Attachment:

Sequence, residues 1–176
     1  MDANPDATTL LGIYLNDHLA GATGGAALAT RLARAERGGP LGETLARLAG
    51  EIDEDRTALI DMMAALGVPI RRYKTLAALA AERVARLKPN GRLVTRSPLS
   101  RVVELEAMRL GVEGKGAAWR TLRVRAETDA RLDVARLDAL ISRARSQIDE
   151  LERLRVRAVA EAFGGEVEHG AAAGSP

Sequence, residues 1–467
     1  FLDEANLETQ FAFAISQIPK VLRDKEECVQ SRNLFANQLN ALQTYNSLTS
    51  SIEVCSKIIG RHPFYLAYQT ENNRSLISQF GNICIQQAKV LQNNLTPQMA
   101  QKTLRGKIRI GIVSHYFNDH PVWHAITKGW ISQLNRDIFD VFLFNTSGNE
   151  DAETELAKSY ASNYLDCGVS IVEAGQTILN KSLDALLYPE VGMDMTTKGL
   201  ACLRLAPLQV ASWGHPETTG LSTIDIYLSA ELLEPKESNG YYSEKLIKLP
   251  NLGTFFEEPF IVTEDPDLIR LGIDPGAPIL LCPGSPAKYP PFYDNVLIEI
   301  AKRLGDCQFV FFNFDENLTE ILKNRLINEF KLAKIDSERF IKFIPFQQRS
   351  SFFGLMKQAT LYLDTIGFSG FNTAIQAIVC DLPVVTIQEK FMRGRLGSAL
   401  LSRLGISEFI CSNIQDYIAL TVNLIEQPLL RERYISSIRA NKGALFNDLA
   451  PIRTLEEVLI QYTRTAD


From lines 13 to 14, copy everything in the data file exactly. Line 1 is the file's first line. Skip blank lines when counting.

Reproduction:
   301  AKRLGDCQFV FFNFDENLTE ILKNRLINEF KLAKIDSERF IKFIPFQQRS
   351  SFFGLMKQAT LYLDTIGFSG FNTAIQAIVC DLPVVTIQEK FMRGRLGSAL